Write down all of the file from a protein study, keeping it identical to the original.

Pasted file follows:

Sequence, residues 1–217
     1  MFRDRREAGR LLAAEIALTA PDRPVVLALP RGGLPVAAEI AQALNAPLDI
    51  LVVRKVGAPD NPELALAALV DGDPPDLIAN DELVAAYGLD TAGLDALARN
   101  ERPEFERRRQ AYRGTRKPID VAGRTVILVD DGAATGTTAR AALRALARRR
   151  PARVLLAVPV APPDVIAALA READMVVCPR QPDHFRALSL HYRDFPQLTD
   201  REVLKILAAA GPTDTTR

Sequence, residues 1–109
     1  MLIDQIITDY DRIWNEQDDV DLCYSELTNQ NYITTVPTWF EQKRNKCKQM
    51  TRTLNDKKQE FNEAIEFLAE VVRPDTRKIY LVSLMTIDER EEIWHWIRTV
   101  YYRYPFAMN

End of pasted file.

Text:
Sequence, residues 1–217
     1  MFRDRREAGR LLAAEIALTA PDRPVVLALP RGGLPVAAEI AQALNAPLDI
    51  LVVRKVGAPD NPELALAALV DGDPPDLIAN DELVAAYGLD TAGLDALARN
   101  ERPEFERRRQ AYRGTRKPID VAGRTVILVD DGAATGTTAR AALRALARRR
   151  PARVLLAVPV APPDVIAALA READMVVCPR QPDHFRALSL HYRDFPQLTD
   201  REVLKILAAA GPTDTTR

Sequence, residues 1–109
     1  MLIDQIITDY DRIWNEQDDV DLCYSELTNQ NYITTVPTWF EQKRNKCKQM
    51  TRTLNDKKQE FNEAIEFLAE VVRPDTRKIY LVSLMTIDER EEIWHWIRTV
   101  YYRYPFAMN